There might be a phase where you know how bad things are but friends and family can’t see it (or don’t want to believe what they see). They see the alcoholic as a sociable person and believe you to be completely paranoid with a lively imagination. This phase, if it happens, will make you feel as though you are going completely mad, combined with feeling very hurt because those you love the most don’t believe the deepest darkest pain in your life (when it has taken you all your courage to reach out and speak of it).
You will probably feel you are a failure if you still love the alcoholic. Why isn’t our love enough to turn this around? etc. Remember it is a disease not a choice that the alcoholic is making. An illness.
Learning to keep your own sanity, your job going, your family and pets safe etc. through all of this is a steep learning curve. There has to be a stage when you decide this ‘thing’ is not going to beat you. Giving in to it makes everything so much worse. You have to find the strength to steer your way through it and out the other side, wherever that is.
How do you do that? You need to find things that will pick you up. Get you out of the negative thought patterns that arise from observing the horrors that are going on in your home life. I have a ‘Build a new life in five minute chunks’ Freebie that will give you some ideas for this that work.
The basic finding I can report is that if you change yourself you can change your life circumstances for the better. Find the things you are grateful for, the things that make you smile, appreciate the small things in life. Take it a day at a time or an hour at a time just to get through it.
The journey to or from work can be tough. Trying to forget what you left or worrying about what you are going to find when you get home. I got Louise Hay’s subliminal self-esteem affirmation cassette tape (yes it was a long time ago!) and putting that on in the car lifted my mood and helped me to transition smoothly and feel calm inside, for that period of time at least.
There are so many more things these days that we can call on to lift us. All of the holistic therapies I offer can provide support and a bit of a lift in a similar way, specifically tuned to the recipient. Crystals, music, EFT (tapping), anything that makes you feel good is to be remembered and used when times get tough.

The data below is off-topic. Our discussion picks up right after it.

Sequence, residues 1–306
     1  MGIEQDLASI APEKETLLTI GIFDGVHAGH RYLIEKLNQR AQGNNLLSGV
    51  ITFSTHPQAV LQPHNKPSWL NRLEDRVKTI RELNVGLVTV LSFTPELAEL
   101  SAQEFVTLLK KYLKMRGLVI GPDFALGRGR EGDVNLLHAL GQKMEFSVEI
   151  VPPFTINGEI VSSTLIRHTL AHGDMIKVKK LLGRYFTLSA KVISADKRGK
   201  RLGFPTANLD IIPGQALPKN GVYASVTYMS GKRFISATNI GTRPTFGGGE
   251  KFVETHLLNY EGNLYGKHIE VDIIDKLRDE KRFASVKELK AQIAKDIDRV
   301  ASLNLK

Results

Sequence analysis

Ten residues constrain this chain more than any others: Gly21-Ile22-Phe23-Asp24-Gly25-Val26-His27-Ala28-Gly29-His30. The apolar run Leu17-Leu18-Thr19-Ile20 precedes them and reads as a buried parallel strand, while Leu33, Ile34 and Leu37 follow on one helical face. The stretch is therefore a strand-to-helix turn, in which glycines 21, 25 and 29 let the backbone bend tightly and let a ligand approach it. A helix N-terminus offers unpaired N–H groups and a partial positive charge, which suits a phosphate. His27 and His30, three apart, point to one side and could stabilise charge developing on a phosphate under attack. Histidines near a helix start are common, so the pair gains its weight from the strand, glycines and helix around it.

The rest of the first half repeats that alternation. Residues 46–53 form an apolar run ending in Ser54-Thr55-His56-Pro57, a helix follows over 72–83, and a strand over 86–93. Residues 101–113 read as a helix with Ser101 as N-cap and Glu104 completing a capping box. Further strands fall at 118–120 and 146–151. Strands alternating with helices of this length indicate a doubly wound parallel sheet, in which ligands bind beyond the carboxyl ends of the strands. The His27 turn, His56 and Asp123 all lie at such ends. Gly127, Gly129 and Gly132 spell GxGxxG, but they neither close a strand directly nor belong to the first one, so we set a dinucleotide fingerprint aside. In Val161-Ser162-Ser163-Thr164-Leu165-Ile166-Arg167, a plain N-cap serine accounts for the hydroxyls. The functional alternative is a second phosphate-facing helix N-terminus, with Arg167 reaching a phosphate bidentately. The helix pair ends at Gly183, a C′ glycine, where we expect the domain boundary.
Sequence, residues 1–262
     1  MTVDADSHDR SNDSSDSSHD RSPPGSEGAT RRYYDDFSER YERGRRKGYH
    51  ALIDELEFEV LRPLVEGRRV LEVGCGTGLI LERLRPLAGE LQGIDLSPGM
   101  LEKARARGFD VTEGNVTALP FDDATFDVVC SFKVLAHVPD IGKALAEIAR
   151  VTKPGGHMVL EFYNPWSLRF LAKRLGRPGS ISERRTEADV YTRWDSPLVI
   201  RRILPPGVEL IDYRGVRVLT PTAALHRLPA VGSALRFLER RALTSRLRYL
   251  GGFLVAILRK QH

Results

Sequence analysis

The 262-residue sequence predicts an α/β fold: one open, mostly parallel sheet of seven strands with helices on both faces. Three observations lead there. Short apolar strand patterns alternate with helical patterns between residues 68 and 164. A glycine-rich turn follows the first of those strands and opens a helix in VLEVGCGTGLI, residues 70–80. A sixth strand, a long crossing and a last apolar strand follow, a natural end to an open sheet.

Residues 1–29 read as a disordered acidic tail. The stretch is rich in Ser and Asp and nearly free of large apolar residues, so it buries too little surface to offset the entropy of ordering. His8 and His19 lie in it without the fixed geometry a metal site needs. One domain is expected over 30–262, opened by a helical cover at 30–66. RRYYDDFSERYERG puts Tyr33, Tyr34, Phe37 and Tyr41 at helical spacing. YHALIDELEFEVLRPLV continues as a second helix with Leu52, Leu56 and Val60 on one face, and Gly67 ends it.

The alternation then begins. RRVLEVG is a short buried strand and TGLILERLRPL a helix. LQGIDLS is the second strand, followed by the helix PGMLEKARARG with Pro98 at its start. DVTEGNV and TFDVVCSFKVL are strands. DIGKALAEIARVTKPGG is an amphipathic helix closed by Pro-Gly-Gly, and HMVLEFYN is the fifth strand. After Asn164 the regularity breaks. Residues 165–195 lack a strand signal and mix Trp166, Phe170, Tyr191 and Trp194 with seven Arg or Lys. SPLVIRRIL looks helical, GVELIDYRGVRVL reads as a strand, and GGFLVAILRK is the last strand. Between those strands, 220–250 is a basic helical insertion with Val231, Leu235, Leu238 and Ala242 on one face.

The more buoyant you are then the more life will flow to you and opportunities to unpick a dreadful situation will appear before you. That is it in a nutshell.
I sought help from Al-anon (for the partners of alcoholics) and I spoke to other people who had experiences of living with an alcoholic.
Everyone had advice for me based on their experiences. Many told me to get out and leave the house but that did not fit with my gut feel that there was a way through it that freed us both.
The best call I made was to ring the Samaritans – they listen without judgement and let you spill out all the mess that is going on in your mind and start to make some sense of it. That was exactly what I needed. The answers were all in my head but jumbled up with everyone else’s answers that didn’t fit my situation! I volunteered for the Samaritans for several years as a way of paying back this big favour.
There is a sense of bereavement to lose one you love to this disease even if he/she is still alive and living with you. The hopes and dreams you had for a future together have been brutally smashed into the ground and life won’t be the same again.
Once I was living on my own again I realised just how near to breaking point I was. It took a long time and a lot of personal development work for me to forge a new life for myself and my beloved dogs again. Building new friendships was hard and, even now, I am aware they could end at any point. Perhaps that is healthy – after all we are all alone when we enter and leave this world and have our own paths along the way.
Why couldn’t I “fix” my ex- you ask? Well when it started I wasn’t practicing the therapies. Trying to fix him, and myself, were the big drivers that led me to discover the magic of holistic therapies.
For periods of time he did lift out of it but he always relapsed. There were two reasons for this I now believe.
Firstly he had some deep dark childhood experiences that had left him with deep emotional wounds (a common issue for alcoholics apparently) plus there were a few other alcoholics in the family and family social habits rotated around drinking.
Secondly he did not believe he could beat it. Having seen older family members die from alcohol related diseases he felt it was inevitable for him. He used to say it was Kismet.
These days I have a few more tools in the toolkit to try but I certainly don’t have any ‘one size fits all’ magic fix for this dreadful disease.
Catching it early, before the disease gets a grip, make your chances of a good result very much better. Make sure you have a few days a week without a drink, or give it up altogether perhaps.